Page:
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Peters, Stabenow, Slotkin Work to Raise Awareness for Meningitis B Prevention

Senators and Congresswoman Led Introduction of Bicameral Resolution

WASHINGTON, DC – U.S. Senators Gary Peters (MI) and Debbie Stabenow (MI) and Representative Elissa Slotkin (MI-08) are working to raise awareness for meningitis B prevention and treatment. April 24 is World Meningitis Day, and Peters, Stabenow and Slotkin recently led the introduction of a bicameral resolution to recognize the importance of confronting meningitis B. Although this disease kills or disables over 170,000 patients across the globe annually, few in the U.S. have received meningitis B vaccines due to a lack of public awareness.

“In 2019, no parent should have to experience the pain of losing a child to a vaccine-preventable disease,” said Senator Peters. “This resolution highlights the need to expand awareness of both the dangers of meningitis B and the vaccinations that prevent it, and I look forward to supporting further efforts in Congress to help more families protect their children’s health.”

“When a parent sends their child off to college, the last thing they are thinking about is that their child could become seriously ill,” said Senator Stabenow. “This resolution helps ensure that parents know the risk for Meningitis B and know that it’s preventable.”

“We know that infants, adolescents, and young adults are among those with the greatest risk for meningococcal disease – which is both potentially deadly and highly preventable with a vaccine,” said Representative Slotkin. “We must work harder to confront this deadly disease and support community efforts to ensure as many young people as possible are protected.”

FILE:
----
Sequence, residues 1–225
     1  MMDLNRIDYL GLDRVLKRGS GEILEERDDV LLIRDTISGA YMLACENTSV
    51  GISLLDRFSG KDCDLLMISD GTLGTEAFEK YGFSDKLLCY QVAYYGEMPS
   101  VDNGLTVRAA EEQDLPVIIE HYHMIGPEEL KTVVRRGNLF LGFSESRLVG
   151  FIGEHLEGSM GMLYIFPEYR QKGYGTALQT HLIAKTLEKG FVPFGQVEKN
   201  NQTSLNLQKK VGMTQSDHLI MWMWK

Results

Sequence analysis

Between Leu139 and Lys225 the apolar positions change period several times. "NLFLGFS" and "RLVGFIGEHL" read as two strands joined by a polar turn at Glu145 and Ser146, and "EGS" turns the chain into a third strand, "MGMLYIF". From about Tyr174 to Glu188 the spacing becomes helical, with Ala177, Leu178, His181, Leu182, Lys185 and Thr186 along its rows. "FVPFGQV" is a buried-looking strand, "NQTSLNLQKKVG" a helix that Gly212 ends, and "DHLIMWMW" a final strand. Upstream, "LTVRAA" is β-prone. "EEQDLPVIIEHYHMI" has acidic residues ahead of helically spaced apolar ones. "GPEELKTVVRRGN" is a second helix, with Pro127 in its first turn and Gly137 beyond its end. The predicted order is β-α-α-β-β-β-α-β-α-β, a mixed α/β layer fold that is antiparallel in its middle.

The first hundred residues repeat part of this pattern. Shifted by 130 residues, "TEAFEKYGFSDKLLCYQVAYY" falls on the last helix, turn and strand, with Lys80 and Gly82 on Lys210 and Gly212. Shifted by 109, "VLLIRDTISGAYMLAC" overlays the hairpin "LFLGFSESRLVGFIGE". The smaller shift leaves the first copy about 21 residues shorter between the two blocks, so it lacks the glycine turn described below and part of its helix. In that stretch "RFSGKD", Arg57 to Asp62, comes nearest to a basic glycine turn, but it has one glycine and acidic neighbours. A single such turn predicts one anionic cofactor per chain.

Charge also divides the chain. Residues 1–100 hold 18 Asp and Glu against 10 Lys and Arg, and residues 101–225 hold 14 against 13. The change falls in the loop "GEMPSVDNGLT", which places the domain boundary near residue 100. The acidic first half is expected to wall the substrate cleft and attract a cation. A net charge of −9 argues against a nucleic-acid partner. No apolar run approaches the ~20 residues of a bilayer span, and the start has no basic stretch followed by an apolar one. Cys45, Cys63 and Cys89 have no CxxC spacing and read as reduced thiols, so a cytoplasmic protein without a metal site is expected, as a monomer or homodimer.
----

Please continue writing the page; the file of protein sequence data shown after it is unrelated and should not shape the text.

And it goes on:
“I am so appreciative of Senator Peters, Senator Stabenow and Representative Slotkin for introducing the 2019 Meningitis B Awareness Day Resolution,” said Alicia Stillman of West Bloomfield, Director of the Emily Stillman Foundation, Co-Director of the Meningitis B Action Project, and loving mother to Emily, who went to Kalamazoo College. “Meningitis B is a very serious disease that killed my 19 year old daughter Emily during her second year of college in 2013.  Six years later, we now have vaccines available to prevent this disease, but sadly many people are still unaware of this. I am hopeful that this resolution will help us educate all adolescents and their parents for the need for this very important Meningitis B vaccine in addition to the MenACWY vaccine they already get at ages 11 and 16.  I am hopeful that this resolution will help us educate Colleges and Universities for the need to protect their student bodies with this additional vaccine. Finally, I am hopeful that the members of the medical community will see the Congressional commitment as encouragement to engage and protect every patient at every opportunity by increasing the vaccination rates against this disease.”

While meningitis B has been found to claim the lives of approximately ten to twenty percent of patients within the first forty-eight hours of initial symptoms, most Americans are currently ill-informed regarding the life-threatening danger this disease poses, especially for children and teenagers. This bicameral resolution aims to rectify this issue by underscoring the seriousness of this disease and highlighting the work undertaken by various organizations to equip parents and young adults with the proper questions to ask their healthcare provider.